Treatment for your degenerative mitral regurgitation depends on how severe it is and how sick you are. Your cardiologist may prescribe medications that reduce symptoms, such as diuretics for fluid buildup in the lungs. However, these medications only treat the symptoms and do not address the underlying problem with your mitral valve that is causing your disease.
Degenerative mitral regurgitation itself can only be treated in two ways: mitral valve surgery or transcatheter mitral valve repair (TMVR). It is important to discuss your treatment options with your cardiologist or TMVR heart team. Learn more about your treatment options.
To learn more about your heart, mitral regurgitation, and valve surgery, visit www.heart-valve-surgery.com.
The MitraClip device is a small metal clip covered with a polyester fabric that is implanted on your mitral valve. The clip is inserted through a catheter, without the need to temporarily stop your heart.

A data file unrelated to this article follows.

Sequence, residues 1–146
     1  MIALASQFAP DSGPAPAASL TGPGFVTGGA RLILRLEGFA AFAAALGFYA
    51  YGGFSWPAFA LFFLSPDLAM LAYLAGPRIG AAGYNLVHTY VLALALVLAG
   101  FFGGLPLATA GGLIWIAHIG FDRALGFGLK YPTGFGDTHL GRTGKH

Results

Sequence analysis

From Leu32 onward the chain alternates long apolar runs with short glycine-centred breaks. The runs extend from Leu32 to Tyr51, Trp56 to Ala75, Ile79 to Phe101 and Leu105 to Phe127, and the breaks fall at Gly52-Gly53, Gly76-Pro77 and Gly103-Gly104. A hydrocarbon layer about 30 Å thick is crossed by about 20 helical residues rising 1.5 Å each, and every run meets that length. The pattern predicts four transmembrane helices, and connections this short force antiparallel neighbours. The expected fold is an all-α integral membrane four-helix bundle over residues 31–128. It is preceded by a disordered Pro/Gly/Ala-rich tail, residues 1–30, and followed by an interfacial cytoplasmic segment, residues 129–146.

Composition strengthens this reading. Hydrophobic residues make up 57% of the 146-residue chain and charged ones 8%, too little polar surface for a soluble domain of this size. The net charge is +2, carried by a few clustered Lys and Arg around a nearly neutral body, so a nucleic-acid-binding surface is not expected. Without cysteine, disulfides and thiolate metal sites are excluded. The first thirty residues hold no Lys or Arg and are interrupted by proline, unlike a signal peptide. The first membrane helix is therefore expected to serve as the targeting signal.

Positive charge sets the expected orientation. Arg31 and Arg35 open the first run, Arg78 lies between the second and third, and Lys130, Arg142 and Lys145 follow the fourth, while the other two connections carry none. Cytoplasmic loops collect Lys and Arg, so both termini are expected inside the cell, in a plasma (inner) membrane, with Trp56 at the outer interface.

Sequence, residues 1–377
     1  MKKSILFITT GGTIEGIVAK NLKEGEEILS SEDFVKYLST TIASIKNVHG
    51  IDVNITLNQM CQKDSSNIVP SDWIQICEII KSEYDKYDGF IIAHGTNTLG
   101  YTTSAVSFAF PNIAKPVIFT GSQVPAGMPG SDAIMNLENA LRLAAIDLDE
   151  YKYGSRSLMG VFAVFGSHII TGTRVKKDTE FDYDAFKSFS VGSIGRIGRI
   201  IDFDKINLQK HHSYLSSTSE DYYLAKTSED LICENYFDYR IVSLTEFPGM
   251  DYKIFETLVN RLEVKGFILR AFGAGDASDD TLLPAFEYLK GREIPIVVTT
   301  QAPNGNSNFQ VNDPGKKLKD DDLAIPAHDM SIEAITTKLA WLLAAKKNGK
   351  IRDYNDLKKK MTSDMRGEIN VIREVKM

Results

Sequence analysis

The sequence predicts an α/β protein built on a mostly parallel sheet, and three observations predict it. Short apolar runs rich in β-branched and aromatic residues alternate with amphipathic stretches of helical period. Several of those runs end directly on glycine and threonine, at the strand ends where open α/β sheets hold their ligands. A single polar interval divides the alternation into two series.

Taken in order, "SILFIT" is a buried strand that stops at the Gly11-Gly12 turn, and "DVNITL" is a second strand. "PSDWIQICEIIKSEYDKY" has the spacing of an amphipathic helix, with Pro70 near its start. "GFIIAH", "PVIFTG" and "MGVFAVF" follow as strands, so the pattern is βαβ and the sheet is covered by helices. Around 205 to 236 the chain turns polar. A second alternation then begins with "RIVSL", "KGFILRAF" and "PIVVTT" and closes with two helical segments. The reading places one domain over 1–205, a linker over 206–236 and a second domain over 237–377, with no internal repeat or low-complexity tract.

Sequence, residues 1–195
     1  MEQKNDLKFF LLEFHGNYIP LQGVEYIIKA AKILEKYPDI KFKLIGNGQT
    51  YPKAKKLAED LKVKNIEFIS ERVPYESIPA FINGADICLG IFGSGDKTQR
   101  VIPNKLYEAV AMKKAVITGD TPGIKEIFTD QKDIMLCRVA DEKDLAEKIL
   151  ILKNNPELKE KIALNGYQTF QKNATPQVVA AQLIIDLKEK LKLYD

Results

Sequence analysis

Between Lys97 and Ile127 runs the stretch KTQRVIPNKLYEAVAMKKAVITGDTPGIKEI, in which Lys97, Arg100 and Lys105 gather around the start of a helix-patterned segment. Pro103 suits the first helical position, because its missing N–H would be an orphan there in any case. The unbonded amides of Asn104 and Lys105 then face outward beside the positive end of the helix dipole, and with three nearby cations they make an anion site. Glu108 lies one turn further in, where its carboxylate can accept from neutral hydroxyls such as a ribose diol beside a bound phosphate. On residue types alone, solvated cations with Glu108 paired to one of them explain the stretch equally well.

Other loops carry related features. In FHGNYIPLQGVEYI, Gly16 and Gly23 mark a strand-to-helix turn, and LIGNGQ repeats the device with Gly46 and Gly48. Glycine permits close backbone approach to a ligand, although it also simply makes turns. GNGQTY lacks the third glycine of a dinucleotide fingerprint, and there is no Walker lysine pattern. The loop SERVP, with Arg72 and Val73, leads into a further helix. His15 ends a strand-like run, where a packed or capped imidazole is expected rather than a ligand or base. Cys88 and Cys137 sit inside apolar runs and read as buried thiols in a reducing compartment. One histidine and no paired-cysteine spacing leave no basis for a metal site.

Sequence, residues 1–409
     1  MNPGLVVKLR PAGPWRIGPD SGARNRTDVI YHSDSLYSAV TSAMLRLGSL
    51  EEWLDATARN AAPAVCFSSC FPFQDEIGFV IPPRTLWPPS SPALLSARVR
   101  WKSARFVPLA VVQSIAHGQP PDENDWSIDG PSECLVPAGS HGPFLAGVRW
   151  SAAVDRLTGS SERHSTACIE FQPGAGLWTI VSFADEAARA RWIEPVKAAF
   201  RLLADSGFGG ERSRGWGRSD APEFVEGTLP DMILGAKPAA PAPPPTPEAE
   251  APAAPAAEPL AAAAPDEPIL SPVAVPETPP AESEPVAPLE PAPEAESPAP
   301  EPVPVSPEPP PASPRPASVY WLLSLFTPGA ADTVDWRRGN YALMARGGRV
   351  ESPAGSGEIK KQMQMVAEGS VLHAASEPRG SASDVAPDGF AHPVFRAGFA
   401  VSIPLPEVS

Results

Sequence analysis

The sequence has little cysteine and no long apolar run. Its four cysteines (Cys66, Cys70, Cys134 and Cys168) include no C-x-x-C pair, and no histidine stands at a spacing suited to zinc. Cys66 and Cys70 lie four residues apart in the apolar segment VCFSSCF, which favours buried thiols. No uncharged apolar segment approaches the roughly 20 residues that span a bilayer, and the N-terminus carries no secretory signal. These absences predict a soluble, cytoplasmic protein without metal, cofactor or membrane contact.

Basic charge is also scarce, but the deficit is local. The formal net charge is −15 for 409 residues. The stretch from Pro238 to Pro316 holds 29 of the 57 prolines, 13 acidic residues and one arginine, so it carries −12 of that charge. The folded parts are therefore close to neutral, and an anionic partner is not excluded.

The MitraClip device treats mitral regurgitation by clipping together a small area of the mitral valve. The valve continues to open and close on either side of the clip. This allows blood to flow on both sides of the clip while reducing the flow of blood in the wrong direction. Watch an animation of the procedure to learn more.
The average hospital stay is two to three days. You should experience relief from your symptoms of mitral regurgitation soon after your procedure.
Most patients will not need special assistance at home following discharge from the hospital, outside of ongoing needs for any unrelated health conditions. While in the hospital, you will be closely monitored and your doctor will perform various tests to evaluate your heart function.
Following your procedure, you will receive an Implant Identification Card, which you must carry with you at all times. Show your Implant Identification Card if you report to an emergency room or if you require a magnetic resonance imaging (MRI) scan.